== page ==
For example, genetic data is no longer limited to clinical settings. Forms of DIY genetic testing offered by companies such as 23andMe provide opportunities for people to not only collect their own DNA sample and send it in for analysis, but also to analyse the results through online portals. Yet these alternative ways of engaging with genetic data have sparked concerns contributing to the withdrawal of parts of 23andMe’s DIY kits, as well as the creation of DIY genetic testing guidelines.

Our work contributes to these discussions by exploring the ‘social life’ of health data. In the case of consumer genomics, we explore how movement shapes and forms part of different genetic data practices, for example how saliva ‘translates’ or becomes genetic data. Within the field of ovulation biosensing the social life of data also involves movement. We focus on what happens when data moves from online forums where people discuss fertility and pregnancy into General Practice and then back again to the forum; how does data itself change and how does it gain or lose authority as it moves through different contexts?  While this movement of data can seem banal, it has an important role in shaping ideas about fertility and the reproductive body. For example, through measuring, monitoring and testing for ovulation every month, women experience trying for a baby as complex and scientific yet paradoxically fertility becomes more elusive and mysterious.  The social life and movements of data in these ways have important social consequences.

Our research has developed through engagement with both non-academic and academic groups. We worked with social scientists and engineers at Intel Labs in Oregon for a 6-week period, learning about their research projects and obtaining insights into the workings of a research lab in a large corporate organisation. During this time, we contributed to discussions on technology and social science from each of our areas of expertise, while also exploring how these areas criss-cross within the field of health-related biosensing.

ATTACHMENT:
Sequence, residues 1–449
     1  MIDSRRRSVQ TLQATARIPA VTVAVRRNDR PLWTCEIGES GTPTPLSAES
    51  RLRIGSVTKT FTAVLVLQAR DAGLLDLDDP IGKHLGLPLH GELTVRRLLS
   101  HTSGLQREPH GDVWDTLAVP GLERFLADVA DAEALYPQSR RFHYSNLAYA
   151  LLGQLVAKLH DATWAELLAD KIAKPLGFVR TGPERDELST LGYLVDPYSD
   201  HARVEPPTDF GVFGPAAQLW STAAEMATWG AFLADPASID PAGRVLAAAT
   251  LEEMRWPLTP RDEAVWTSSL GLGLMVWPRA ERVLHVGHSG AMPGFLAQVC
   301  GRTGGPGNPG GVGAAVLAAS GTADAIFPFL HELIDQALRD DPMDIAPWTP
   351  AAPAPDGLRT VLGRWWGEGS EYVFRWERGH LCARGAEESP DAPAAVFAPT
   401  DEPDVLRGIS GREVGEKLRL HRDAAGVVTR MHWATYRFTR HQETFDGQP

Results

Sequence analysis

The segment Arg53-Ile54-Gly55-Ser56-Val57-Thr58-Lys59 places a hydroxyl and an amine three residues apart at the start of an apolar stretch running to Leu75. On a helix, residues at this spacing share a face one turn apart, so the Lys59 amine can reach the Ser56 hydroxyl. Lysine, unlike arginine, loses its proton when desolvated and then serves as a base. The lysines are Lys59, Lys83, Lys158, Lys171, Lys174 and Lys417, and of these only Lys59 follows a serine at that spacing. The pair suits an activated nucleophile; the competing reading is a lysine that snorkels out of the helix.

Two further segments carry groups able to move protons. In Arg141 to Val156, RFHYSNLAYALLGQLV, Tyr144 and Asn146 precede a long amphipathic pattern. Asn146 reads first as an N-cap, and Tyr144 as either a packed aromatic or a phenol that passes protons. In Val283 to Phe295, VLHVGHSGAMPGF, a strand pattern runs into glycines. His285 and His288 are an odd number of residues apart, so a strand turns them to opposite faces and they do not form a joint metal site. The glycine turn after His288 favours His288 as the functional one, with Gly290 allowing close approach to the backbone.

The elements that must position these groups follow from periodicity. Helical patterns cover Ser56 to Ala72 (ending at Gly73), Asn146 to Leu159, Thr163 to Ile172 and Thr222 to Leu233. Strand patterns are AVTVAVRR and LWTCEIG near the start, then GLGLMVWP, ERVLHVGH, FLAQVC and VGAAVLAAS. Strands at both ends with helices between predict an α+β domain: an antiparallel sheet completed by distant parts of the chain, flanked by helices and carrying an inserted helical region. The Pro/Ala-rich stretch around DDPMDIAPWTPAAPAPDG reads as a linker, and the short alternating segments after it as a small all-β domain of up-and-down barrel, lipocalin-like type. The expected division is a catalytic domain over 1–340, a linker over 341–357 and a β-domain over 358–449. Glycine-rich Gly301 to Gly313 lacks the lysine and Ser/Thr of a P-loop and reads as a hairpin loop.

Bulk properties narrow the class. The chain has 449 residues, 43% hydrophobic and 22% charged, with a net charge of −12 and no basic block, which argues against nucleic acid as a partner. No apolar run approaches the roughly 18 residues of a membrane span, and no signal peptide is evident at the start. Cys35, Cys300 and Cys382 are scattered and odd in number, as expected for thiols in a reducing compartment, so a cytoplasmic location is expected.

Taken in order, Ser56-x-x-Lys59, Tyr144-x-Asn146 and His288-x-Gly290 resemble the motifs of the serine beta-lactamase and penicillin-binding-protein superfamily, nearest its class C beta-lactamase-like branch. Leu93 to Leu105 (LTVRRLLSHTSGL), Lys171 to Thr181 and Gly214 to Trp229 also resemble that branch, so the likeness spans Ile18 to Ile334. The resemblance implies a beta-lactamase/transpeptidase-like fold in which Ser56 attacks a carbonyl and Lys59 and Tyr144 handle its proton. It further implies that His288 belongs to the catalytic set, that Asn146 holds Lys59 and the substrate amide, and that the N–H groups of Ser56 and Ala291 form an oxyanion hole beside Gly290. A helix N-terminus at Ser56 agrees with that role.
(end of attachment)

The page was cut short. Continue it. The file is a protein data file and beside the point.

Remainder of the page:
Another important part of our work has involved organising and undertaking two citizens’ panels on health biosensors.  One of the citizens’ panels was a participatory inquiry into the topics of personal genomics and home reproductive technologies entitled ‘Our Bodies Our Selves’. We invited 15 participants and 4 expert witnesses to learn about the technologies we are researching, and provided an opportunity for the participants, who often did not know about the technologies in detail, to ask critical questions and respond to the social, ethical and technical questions they provoke.

The citizens’ panel offered a legitimate space within which to identify issues for debate and to offer recommendations to key actors involved in the development, marketing and regulation and consequences of those technologies. A key recommendation was that key actors in the development of technologies should be more upfront about data ambiguities, acknowledging and providing guidance on them.  Alongside our ethnographic work, which includes online observations and interviews with manufacturers and users of these technologies, the Citizens’ Panels have helped us to better understand the complex questions surrounding health data. In addition to this, by participating in such rich public debates and reporting our findings back to the groups involved, we hope to direct attention to the complex social challenges related to health biosensing.

- By Mette Kragh-Furbo and Joann Wilkinson